Looking at CAGR return rates are great over a decent length of time, but for the purposes of shorter more accurate timeframes I feel that metric can be a little blunt.
CAGR takes the current price and shows you the annual percentage growth rate that starting from purchase price that gets you to there. Typically we use the retail release year as the start point, all the Brickpicker set pages do so. This is fine if you purchased it in that same year but if you bought it the year after or even 2 or 3 years after release looking at the CAGR from release date will be far lower than your real investment return. You can solve that by doing the CAGR calculation yourself and using the year you purchased as the starting point.
But even if you et the starting year right this doesn’t factor in whether the set was purchased in January of the year or in December, and likewise for the end point. A set purchased in Dec-2011 and measured in Jan-2013 has only just over 1 year of time to be measured but CAGR assigns 2 years.
Many of us track our purchases closely and record purchase dates for our inventory. If you know the month and price you purchased a set then you can use those to create a much more accurate measure of investment performance for your individual circumstance.
For this analysis I decided to use CMGR – Compound Monthly Growth Rate. The formula and method is exactly the same as CAGR except you take the start and end points and measure in months and it returns the monthly compounding growth rate. The formula is ((End price / Purchase Price) ^ (1 / months)) – 1.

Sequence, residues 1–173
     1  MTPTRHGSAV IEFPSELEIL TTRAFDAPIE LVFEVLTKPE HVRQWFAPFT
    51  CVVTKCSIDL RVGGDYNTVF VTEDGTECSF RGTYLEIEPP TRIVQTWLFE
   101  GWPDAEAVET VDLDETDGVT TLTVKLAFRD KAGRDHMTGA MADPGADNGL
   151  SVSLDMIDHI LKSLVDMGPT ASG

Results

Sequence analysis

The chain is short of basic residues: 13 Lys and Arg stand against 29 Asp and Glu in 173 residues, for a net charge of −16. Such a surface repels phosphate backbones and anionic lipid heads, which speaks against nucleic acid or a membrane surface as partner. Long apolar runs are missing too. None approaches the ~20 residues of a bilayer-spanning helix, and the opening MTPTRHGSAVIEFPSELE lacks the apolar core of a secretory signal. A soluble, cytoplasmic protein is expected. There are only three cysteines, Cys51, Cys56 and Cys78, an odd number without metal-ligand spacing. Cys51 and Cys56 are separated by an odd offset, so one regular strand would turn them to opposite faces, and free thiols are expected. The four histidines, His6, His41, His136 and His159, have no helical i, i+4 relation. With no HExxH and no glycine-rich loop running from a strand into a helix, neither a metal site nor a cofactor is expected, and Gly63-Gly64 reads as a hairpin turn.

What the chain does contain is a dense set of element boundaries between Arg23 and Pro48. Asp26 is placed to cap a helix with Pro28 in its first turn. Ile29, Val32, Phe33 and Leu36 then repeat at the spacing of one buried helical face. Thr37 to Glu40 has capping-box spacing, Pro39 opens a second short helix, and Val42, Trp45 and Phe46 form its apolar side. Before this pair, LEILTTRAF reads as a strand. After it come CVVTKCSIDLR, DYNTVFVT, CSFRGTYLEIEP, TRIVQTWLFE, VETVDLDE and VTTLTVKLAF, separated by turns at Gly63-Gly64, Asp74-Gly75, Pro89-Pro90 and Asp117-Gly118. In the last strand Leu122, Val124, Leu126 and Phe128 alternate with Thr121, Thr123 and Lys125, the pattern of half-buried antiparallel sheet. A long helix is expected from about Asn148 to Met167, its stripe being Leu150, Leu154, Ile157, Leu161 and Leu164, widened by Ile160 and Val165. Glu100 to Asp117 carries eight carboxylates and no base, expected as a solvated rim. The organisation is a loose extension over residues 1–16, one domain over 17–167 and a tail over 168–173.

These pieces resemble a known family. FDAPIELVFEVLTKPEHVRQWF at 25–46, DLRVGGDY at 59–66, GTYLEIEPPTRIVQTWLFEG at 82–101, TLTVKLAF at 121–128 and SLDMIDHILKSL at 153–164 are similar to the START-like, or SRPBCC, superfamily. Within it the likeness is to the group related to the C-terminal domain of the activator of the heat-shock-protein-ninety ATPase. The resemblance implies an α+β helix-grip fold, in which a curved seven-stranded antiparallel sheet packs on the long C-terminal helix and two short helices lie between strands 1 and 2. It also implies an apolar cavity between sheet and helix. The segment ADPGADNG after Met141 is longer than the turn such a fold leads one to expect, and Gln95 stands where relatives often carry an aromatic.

e.g. you bought a set in December for $100 and it has a market price in June of $150, so ((150/100)^(1/6)-1 = 6.99% CMGR.
You can check your result by taking the start point of $100 and multiply it by 1+CMGR 6 times. So $100 x 1.0699 x 1.0699 x 1.0699 x 1.0699 x 1.0699 x 1.0699 = $150
CMGR is especially useful for investors/resellers who hold stock for a short period of time.
It also lets you evaluate the book value of the sets you currently hold right up to the latest month. Just take your starting point and measure it against the current market price. You can even account for fees and transaction costs by removing them off the current market price first. That way you have an up to the month accurate representation of the performance of your investment portfolio.
I can be difficult to transition to CMGR as most people’s minds work in annual percentage terms, and so many of the comparable stats and information we use is based on annual figures. Fear not, you can easily convert your CMGR to a CAGR with this formula:
CAGR = (CMGR + 1) ^ 12 -1 then divide by 100 to get a percentage
So in our example our $100 set to $150 in 6 months would actually read as having a CAGR of 50% if you used the normal CAGR calculation because it would assign 1 year of growth even though December to June is only 6 months. To find a more accurate CAGR we can use the CMGR of 6.99% that we found to calculate the following;
CAGR = (6.99% + 1) ^ 12 – 1
= 1.0699 ^12 – 1
= 2.25 – 1
I hope some of you find a use for CMGR and use it to provide a more accurate picture of performance on both sets you’ve sold and those you are currently keeping in your portfolio.